How To Read The Periodic Table
How To Read The Periodic Table
Learn the foolproof way of reading the periodic table. Videojug presents it to you in this video with a science teacher from Greater London Tutors.
Hi, I'm Donald Sinclair. I'm a science teacher with Greater London Tutors, and today we're going to be looking at a few topics in chemistry. The periodic table is in essence a list of every known atom.
Everything that exists or had existed or will exist is made up of a combination of bearing amounts of these atoms. You can think of it as like the ingredient list for the universe. The way it is ordered is it allows us to predict how different chemicals will react, even some allows us to predict the chemical properties of elements that have not yet been discovered.
The periodic table is arranged from left to right starting at the top left. It's arranged in order of the atomic number. Atomic number is how many protons are in an atom of that element.
So for example, oxygen has an atomic number of 8 because one atom of oxygen contains 8 protons. If I had 9, it wouldn't be oxygen anymore. As well as being arranged in order of atomic number, the elements are going through new periods every so often.
It wraps around starting from the next line below. This is not arbitrary; this is a consequence of how electrons are arranged within an atom. Electrons in an atom fill up in shells.
The first shell can take 2 electrons, the second shell can take 8, the third can take 8 and so on and so forth. Although it gets a bit more complicated later on, this explains the lens of the first few rows of the first three periods. That's why the first rows are nicotine, hydrogen and helium, the second and third rows only contain 8 elements.
By doing it this way, it is found that the columns in the periodic table which are called groups, all share similar chemical properties. For example, the first group, group 1 which is also sometimes called the alkaline metals, contain elements like sodium, potassium and rubidium and so forth. All these chemicals have chemical properties.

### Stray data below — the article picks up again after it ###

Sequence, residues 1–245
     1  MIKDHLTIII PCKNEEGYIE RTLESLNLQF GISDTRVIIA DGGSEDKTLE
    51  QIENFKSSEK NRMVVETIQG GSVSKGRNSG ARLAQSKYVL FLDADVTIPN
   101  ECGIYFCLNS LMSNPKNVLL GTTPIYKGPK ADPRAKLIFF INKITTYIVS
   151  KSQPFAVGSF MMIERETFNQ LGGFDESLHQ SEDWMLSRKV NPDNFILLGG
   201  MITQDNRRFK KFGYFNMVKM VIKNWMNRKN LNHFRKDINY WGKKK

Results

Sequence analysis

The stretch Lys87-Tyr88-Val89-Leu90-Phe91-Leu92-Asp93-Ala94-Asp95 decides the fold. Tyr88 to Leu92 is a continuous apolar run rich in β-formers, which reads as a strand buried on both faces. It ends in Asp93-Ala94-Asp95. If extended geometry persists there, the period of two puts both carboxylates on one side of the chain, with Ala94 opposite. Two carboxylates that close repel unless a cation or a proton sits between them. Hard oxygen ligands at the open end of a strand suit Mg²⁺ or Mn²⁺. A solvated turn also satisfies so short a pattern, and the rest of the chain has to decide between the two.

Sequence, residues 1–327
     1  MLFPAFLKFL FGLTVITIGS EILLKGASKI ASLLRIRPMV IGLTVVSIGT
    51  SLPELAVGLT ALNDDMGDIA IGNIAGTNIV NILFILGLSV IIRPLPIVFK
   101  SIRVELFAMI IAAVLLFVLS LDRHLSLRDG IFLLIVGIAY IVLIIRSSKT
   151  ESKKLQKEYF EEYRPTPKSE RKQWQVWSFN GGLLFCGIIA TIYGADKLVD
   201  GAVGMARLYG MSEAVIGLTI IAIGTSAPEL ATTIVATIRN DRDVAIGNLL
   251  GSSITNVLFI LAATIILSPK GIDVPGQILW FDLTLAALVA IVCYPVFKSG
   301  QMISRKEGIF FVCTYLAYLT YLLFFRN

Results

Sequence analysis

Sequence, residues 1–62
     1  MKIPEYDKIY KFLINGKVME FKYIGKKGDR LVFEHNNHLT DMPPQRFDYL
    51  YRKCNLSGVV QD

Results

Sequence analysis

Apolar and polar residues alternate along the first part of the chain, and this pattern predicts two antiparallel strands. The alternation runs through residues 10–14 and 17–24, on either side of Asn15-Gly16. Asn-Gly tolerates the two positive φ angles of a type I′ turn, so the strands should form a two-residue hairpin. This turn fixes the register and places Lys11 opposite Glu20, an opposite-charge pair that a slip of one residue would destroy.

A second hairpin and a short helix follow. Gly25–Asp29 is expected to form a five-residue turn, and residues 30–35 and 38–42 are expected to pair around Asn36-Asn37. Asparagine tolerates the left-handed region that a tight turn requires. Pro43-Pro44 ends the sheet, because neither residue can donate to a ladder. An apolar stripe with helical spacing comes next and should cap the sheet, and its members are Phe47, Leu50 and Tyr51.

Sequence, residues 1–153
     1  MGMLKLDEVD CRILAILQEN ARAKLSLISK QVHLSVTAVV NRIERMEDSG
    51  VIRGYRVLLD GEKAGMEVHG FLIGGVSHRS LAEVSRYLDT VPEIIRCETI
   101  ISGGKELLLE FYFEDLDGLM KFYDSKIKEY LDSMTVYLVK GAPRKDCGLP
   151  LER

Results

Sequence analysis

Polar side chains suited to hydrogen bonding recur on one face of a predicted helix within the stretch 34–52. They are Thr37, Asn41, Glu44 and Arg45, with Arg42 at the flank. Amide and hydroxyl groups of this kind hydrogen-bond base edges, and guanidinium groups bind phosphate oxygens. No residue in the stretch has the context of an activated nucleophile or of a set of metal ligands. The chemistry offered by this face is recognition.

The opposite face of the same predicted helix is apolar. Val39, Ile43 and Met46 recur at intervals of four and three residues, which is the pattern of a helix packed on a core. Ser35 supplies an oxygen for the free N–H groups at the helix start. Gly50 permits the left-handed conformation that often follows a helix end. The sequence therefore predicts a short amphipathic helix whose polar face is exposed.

There are all metallic, there are all very soft that you can cut it even in a knife. There are very reactive with water, so on and so forth. Similarly for elements here in group 7, the helium elements which are all sharing with non-metals.
The metals in the periodic table are to be found on the left, the non-metals are on the right. As well as sharing similar chemical properties in a group, the chemical properties and physical properties are addressed in one way or the other as you go down or up the group. For example, returning to the alkaline metals, as you progress on group 1, sodium, potassium and so forth, the chemical reaction increase in activity.
Therefore, something like caesium, not on the group, is much more reactive than sodium on the top. Similarly, physical properties can also change as you go down the group. The halogens which are currently on the top, start off as light gases, light hollowed gases at the top progressing into darker solids as you go down.
Finally, there are sections of the periodic table which arises as a result of more complicated electron layers in the outer shells. The transition metals, which is a large group of metals found in the center all share very similar chemical and physical properties. They're generally non reactive but they are generally quite hard, strong, shiny and polished and good conductors of heat and electricity.
Similarly the lactinide and actinides are sort of squeezed in between two elements as a result of complicated electron layers. The periodic table is growing as new elements are created and discovered. The first 92 elements are naturally occurring in nature, everything from up to radium.
From element 93, the neptunium, these have to be created artificially in nuclear reactions. First of which, neptunium was created in 1939. An entry on the individual element means its symbol, helium for example has the symbol He, its atomic number which will be number of protons in the element and its mass number.
The mass number is the number of protons in the atom plus the number of neutron